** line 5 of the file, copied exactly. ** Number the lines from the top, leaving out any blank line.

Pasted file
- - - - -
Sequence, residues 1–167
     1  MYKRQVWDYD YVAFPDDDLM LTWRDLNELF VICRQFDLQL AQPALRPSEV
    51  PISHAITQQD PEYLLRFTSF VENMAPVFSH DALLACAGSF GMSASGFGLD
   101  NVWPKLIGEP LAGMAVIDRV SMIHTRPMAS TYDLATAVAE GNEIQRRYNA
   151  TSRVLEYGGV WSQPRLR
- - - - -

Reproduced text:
   151  TSRVLEYGGV WSQPRLR